Pitching Helps Rockies Regain Coors Field Domination -- Honestly
These Rockies are ruining the franchise image. With Denver native Kyle Freeland setting the pace, the Rockies are actually winning at Coors more because of their pitching than their hitting.
Truth be told, lately, the Rockies have been winning most anywhere. They go into Saturday night's game against the A's at Coors Field, having won 17 of their last 22 games. But the biggest turn of events is they have won 10 of their last 12 games at Coors Field.
Big deal? Well, this year that's a real big deal. With the 3-1 victory in the series opener against the A's on Friday night, the Rockies climbed above .500 (25-24) at home for the first time this season. A team that came into July with a 15-22 record at home, the Rockies have won 10 of 12 home games this month, and during the surge they have climbed to within two games of the NL West-leading Dodgers, and a half-game of second place Arizona.
The pitchers have been dominating opposing teams at Coors Field. The Rockies have allowed three or fewer runs in nine of their last 12 home games, and in the first nine innings of the last 12 home games, they have allowed three or fewer 10 times. There was that Tuesday night nightmare in the 10th against the Astros when Wade Davis gave up six runs in what became an 8-2 Rockies loss.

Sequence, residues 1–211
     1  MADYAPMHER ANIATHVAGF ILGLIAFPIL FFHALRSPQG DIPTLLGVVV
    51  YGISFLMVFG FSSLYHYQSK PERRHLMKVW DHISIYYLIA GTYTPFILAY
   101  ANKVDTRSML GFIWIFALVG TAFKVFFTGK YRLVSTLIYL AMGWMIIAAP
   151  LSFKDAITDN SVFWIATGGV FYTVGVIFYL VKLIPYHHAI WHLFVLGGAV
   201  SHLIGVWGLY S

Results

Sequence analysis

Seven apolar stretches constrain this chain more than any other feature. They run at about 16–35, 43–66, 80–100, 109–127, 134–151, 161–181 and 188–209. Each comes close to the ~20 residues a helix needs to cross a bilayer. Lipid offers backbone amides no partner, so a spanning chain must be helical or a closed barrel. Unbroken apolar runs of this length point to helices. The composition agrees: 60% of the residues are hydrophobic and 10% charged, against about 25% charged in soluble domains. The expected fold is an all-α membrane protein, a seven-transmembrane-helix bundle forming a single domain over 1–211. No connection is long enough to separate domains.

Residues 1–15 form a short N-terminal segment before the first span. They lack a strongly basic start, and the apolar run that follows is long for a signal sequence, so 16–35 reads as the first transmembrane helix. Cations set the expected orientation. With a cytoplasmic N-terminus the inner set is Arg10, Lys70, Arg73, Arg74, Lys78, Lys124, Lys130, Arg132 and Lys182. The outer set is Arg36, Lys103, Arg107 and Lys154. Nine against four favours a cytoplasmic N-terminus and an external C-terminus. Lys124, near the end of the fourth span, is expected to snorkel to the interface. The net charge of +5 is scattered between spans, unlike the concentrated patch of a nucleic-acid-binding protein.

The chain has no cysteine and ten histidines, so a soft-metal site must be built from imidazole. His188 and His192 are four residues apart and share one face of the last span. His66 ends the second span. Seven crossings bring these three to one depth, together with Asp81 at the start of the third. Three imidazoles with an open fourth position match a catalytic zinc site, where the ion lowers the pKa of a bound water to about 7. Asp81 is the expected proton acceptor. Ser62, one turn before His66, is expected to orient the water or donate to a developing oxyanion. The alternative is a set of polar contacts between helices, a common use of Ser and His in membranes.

Hot at Home
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Three of the Rockies five starting pitchers are among eight National League starters who have an ERA below 2.00 at home this month. No other team has more than one. And the bright point for the Rockies is while Tyler Anderson (1.32) ranks fifth and Kyle Freeland (1.47) ranks seventh, they are second and third on their own staff.
Jon Gray, who had been dispatched to Triple-A Albuquerque to try and get back on track, was an emergency call up when the Rockies lost both Chad Bettis and Antonio Senzatela to blister problems, and he has a 1.26 ERA in two starts at Coors Field since his return.
Add it all up and the Rockies have the best home record in the NL in the month of July thanks to a pitching staff that has the lowest ERA (2.56) and the lowest batting average allowed (.205). They even have converted five of six save opprtunites. The only team with five saves and no blown saves is the Dodgers, who rank third in ERA at 3.09 at Dodger Stadium in July.
At the other extreme are the Nationals (6.00 ERA), Cardinals (5.80) and Padres (5.27), despite San Diego playing in one of the most pitcher friendly ballparks in baseball.
Kyle Freeland's success at Coors Field is not limited to just this month. He has a 2.45 ERA at Coors Field for the season, ninth lowest among starting pitchers who have made at least five starts at home, and a .223 batting average allowed. His six wins at Coors Field are two fewer than Aaron Nola of the Phillies, who also leads the NL at home with an 8-0 record in 10 starts.
Freeland, in fact, has a 3.23 ERA at Coors Field in his career, the lowest of the 55 pitchers who have started five or more games at Coors Field as a member of the Rockies. And Tyler Anderson is second on the all-time list at 3.48. Jon Gray ranks 11th all-time with Chris Rusin, who has started and relieved for the Rockies, 16th, Antonio Senzatela 17th, German Marquez 25th and Jeff Hoffman, currently at Triple-A Albuqueque, 50th.
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